Remember when GoPro was the innovative camera company? The fight was taken to the skies, and as we look back, it’s clear that DJI took over.
When DJI announced that they were strapping their own cameras to their drones, I was skeptical, and laughed it off. Why would you want to replace the incredible GoPro Hero 3 with some no-name camera? GoPro crammed 4K into a tiny camera when no major DSLR or phone was able to deliver that kind of resolution.
DJI was a company from Shenzhen, China that not many people knew about. Frank Wang had taken the company from basic drone supplies to building pre-built packages. It was rather easy to fall into looking like a cheaper, plastic drone when the Phantom was released in 2013. Especially compared the expensive DIY drones flooding the market then. As symbiosis would have it though, sticking a GoPro on your Phantom drone was a killer way to get amazing shots on a budget. In fact, it still is.
What changed that pushed DJI so much further? They’ve leaped from pre-built GoPro flying machines to a major contender on the international market. The difference is that DJI got serious, and removed themselves from GoPro. The truth is, if GoPro had released their drone in 2012, DJI would have suffered badly. In fact even when GoPro announced their drone, the speculation was that GoPro could compete with DJI. Now though? Well GoPro's video quality is hardly unique anymore, given that DJI is using the same chips in some of their own products.
GoPro's incredible videos drove sales, but notice the drone footage?
While GoPro was reaching the peak of their available technology, DJI was making their mark as serious players. They released the Ronin and Ronin-M in response to MōVI, brought 4K to their Phantom drones, and brought that tech to the OSMO series. DJI had the technology, but gained the respect later. Now, they have a 70 percent or so chunk of the drone market, and their last valuation in 2015 sets them as a 10 billion-dollar company (GoPro hit the stock market at $2.95 billion). In fact, Wang might be bringing the company to the stock market in the coming year, which could bring even more investment in the door. This is largely in part to their potential in industrial, agricultural, and military markets showing promise.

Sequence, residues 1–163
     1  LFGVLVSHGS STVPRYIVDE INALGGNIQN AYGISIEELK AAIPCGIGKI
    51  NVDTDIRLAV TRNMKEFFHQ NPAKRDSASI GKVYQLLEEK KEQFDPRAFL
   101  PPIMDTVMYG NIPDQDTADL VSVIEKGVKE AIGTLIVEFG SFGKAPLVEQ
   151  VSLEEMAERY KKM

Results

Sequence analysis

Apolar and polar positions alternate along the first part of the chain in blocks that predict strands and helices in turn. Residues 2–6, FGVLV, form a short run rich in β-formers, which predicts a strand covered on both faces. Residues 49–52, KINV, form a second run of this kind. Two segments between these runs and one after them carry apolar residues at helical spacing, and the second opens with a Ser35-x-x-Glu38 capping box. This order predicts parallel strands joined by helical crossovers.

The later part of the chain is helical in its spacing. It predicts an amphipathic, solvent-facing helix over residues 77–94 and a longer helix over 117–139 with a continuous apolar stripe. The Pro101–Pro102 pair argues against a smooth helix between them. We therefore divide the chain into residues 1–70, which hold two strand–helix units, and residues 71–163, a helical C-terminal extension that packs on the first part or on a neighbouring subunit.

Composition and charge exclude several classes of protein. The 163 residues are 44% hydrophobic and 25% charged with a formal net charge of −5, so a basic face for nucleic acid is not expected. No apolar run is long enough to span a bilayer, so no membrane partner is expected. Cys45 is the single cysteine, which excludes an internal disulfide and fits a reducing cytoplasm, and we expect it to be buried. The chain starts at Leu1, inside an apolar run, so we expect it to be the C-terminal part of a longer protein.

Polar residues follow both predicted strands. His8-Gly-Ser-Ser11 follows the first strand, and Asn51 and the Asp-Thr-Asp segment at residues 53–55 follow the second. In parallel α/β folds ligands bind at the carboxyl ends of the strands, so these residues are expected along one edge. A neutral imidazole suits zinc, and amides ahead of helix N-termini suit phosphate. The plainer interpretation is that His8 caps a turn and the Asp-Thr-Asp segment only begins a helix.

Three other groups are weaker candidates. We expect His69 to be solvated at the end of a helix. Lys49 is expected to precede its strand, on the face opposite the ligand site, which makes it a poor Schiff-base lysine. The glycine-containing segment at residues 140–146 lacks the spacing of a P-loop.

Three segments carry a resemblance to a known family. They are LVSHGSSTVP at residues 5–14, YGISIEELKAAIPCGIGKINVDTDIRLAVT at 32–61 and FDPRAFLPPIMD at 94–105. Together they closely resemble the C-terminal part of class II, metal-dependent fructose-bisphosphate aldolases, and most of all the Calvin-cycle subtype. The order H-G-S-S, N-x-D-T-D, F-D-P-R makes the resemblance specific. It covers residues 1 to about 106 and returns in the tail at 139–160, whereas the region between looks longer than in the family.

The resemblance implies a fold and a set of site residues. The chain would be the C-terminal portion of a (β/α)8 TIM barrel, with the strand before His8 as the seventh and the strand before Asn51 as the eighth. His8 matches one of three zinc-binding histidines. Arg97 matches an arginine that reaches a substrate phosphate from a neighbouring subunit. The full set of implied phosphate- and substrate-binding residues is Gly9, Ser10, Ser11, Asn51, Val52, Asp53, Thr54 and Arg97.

Compare this to GoPro, who’s seen a 90 percent drop from their peak stock price in 2014. Sure, that spike was due to a successful IPO, but it’s hard to shake the feeling that they’re not getting the investment needed to innovate. In fact, they’re laying off staff to make up for debt and recalls.
It's Down to Choices
GoPro’s first digital camera was released in 2006. That’s a year before Apple released the iPhone, and many years before smartphone photography became decent enough to compete with dedicated cameras. Now though? It’s hard to justify getting a dedicated camera for a vacation video when I have a smartphone at the ready. In fact, even if you had the need for a camera, a DSLR or mirrorless might be the better choice over a GoPro.
So why would you buy a product from DJI? Well, the same reason you’re not buying a GoPro to replace your phone. The GoPro isn't offering anything massively different or cool over the waterproof iPhone 7. The OSMO though? Well that has its own built-in gimbal. The Mavic drone? Well it’s a drone, which your phone certainly can't compete with.
As such, the regular consumer ought to see value in what DJI’s driving towards. They built reliable products and have gained a reputation like I mentioned already, but they’re also making funky and out-there cameras.
Has DJI Killed GoPro?
I think it’s clear that, while the pair are both technically in separate markets, they both reach the same set of consumers. Right now, apples to apples, it looks like DJI has outpaced GoPro.
DJI also has an amazing grip on multiple markets. Sure, they’re the drone people, but they’re also reaching professional settings in a host of ways. It's funny to think that DJI, founded in 2006, has been able to buy out Hasselblad. It’s a bizarre juxtaposition of plastic drones and, well, Hasselblad. So we know that even if drones are just a fad, DJI could possibly survive. It’s also worth noting that Canon has a market cap of about $40 billion, Nikon is just $6.4 billion. If DJI do come to the public stock market, we could see them fit squarely between the two.
My main point is that DJI isn't going anywhere. GoPro? Well let's hope that they’re able to innovate and bring new offers to the table, even if it's not directed at regular consumers. I, for one, will sorely miss their amazing marketing.